Since then, he has given jobs to some of the boys whoseparents were in want, and he is still active in our group.
  “Yet I know if I hadn’t found out what he was interestedin, and got him warmed up first, I wouldn’t havefound him one-tenth as easy to approach.”
  Is this a valuable technique to use in business? Is it?Let’s see, Take Henry G. Duvernoy of Duvemoy andSons, a wholesale baking firm in New York.
  Mr. Duvernoy had been trying to sell bread to a certainNew York hotel. He had called on the managerevery week for four years. He went to the same socialaffairs the manager attended. He even took rooms in thehotel and lived there in order to get the business. But hefailed.
  “Then,” said Mr. Duvernoy, “after studying humanrelations, I resolved to change my tactics. I decided tofind out what interested this man - what caught his enthusiasm.
  “I discovered he belonged to a society of hotel executives called the Hotel Greeters of America. He not onlybelonged, but his bubbling enthusiasm had made himpresident of the organization, and president of the InternationalGreeters. No matter where its conventions wereheld, he would be there.
  “So when I saw him the next day, I began talkingabout the Greeters. What a response I got. What a response!He talked to me for half an hour about theGreeters, his tones vibrant with enthusiasm. I couldplainly see that this society was not only his hobby, itwas the passion of his life. Before I left his office, he had‘sold’ me a membership in his organization.
  “In the meantime, I had said nothing about bread. Buta few days later, the steward of his hotel phoned me tocome over with samples and prices.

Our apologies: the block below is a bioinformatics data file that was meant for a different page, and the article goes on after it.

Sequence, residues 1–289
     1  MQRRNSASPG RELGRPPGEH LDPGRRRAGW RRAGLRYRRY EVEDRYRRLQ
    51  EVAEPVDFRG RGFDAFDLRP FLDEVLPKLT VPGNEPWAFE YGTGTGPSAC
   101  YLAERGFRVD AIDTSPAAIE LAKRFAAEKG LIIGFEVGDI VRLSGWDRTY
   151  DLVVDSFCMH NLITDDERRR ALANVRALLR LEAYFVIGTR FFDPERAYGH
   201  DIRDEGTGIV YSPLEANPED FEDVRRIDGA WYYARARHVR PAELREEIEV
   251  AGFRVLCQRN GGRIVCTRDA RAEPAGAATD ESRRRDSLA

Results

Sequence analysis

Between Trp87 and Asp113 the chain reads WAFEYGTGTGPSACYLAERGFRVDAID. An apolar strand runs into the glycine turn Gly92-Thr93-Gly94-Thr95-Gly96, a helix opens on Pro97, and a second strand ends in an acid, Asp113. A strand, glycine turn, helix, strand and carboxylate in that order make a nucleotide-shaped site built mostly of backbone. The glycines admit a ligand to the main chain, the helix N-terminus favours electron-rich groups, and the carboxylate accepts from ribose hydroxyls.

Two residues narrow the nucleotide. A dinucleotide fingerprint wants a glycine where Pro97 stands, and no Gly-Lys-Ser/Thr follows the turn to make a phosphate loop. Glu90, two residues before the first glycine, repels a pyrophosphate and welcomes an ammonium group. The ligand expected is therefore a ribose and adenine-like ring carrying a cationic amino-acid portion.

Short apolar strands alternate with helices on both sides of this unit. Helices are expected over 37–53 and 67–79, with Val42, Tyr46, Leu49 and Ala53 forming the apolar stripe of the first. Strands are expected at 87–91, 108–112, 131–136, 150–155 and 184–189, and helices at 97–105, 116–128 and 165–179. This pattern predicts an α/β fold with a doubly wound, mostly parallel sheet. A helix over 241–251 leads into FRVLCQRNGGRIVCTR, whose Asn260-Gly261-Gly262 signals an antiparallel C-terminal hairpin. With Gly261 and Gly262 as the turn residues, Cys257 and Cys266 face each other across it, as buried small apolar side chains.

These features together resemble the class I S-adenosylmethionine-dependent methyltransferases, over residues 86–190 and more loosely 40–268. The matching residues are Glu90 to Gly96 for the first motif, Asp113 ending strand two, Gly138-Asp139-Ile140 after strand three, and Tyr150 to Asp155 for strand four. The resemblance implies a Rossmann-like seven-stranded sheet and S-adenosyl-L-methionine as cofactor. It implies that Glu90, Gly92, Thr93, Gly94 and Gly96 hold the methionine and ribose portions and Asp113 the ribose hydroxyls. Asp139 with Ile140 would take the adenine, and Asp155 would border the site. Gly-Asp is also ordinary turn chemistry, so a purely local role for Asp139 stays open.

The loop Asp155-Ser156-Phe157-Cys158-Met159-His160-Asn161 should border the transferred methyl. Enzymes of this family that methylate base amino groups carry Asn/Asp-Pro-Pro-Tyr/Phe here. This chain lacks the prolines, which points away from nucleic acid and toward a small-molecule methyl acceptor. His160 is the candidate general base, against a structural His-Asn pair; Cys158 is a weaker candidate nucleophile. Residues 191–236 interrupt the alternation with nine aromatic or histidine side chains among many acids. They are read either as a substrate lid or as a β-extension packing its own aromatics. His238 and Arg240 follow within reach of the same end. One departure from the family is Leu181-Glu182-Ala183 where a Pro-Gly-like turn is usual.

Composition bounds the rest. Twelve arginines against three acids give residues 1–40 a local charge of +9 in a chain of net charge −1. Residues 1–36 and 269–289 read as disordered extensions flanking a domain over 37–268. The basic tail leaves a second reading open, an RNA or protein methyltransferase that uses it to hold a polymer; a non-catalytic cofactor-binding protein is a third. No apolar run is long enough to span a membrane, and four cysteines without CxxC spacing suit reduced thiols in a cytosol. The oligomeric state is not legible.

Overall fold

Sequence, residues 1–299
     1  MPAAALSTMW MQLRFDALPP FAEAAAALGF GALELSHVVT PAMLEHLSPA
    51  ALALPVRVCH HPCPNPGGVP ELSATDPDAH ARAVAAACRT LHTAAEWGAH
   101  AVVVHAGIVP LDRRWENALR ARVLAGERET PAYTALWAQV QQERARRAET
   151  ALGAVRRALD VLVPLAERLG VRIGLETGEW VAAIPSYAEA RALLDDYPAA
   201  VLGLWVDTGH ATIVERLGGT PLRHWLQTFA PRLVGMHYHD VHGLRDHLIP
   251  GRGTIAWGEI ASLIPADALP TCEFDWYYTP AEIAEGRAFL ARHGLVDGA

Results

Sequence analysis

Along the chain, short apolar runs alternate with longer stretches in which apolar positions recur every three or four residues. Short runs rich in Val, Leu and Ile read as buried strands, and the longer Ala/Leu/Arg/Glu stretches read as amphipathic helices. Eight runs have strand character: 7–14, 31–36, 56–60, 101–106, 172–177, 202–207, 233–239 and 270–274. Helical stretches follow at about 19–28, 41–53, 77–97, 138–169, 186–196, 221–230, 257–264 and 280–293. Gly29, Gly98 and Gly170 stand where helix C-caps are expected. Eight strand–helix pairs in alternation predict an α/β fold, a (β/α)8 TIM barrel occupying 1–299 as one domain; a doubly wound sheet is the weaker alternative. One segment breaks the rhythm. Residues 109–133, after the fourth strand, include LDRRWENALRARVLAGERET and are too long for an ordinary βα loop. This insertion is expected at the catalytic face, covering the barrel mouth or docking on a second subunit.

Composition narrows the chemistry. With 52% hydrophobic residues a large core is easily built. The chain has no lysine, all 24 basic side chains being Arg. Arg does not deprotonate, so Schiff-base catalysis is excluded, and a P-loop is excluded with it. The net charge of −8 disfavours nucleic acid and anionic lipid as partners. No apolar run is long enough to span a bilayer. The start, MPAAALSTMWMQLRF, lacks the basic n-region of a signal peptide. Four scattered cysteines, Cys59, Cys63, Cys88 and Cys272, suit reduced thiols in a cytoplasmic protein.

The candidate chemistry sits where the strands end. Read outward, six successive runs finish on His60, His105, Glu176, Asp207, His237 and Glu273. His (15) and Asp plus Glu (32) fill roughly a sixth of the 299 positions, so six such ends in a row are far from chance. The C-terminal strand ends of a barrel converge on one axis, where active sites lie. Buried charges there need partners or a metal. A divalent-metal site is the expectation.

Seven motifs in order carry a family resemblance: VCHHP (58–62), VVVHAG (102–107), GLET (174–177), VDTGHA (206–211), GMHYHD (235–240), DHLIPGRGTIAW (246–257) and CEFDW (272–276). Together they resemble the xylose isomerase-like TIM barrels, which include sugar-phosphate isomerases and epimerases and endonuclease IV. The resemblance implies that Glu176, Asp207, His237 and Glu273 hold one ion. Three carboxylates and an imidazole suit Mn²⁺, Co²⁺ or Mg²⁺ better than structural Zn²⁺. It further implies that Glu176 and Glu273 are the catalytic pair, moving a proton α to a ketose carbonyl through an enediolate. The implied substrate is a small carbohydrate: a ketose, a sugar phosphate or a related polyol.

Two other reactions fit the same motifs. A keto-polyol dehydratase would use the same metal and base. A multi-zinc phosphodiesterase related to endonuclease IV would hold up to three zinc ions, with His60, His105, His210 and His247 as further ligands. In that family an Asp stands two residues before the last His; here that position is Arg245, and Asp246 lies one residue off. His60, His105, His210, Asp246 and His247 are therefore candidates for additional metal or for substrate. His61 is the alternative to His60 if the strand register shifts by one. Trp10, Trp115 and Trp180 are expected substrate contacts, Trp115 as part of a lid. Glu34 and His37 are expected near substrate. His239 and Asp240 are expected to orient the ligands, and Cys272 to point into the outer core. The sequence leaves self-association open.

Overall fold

" ‘I don’t know what you did to the old boy,’ the stewardgreeted me, ‘but he sure is sold on you!’
  “Think of it! I had been drumming at that man for fouryears - trying to get his business - and I’d still be drummingat him if I hadn’t finally taken the trouble to findout what he was interested in, and what he enjoyed talkingabout.”
  Edward E. Harriman of Hagerstown, Maryland, choseto live in the beautiful Cumberland Valley of Marylandafter he completed his military service. Unfortunately,at that time there were few jobs available in the area. Alittle research uncovered the fact that a number of companiesin the area were either owned or controlled by anunusual business maverick, R. J. Funkhouser, whoserise from poverty to riches intrigued Mr. Harriman.However, he was known for being inaccessible to jobseekers. Mr. Harriman wrote:
  "I interviewed a number of people and found that hismajor interest was anchored in his drive for power andmoney. Since he protected himself from people like meby use of a dedicated and stern secretary, I studied herinterests and goals and only then I paid an unannouncedvisit at her office. She had been Mr. Funkhouser’s orbitingsatellite for about fifteen years. When I told her Ihad a proposition for him which might translate itself
2011-01-14 14:43 编辑:kuaileyingyu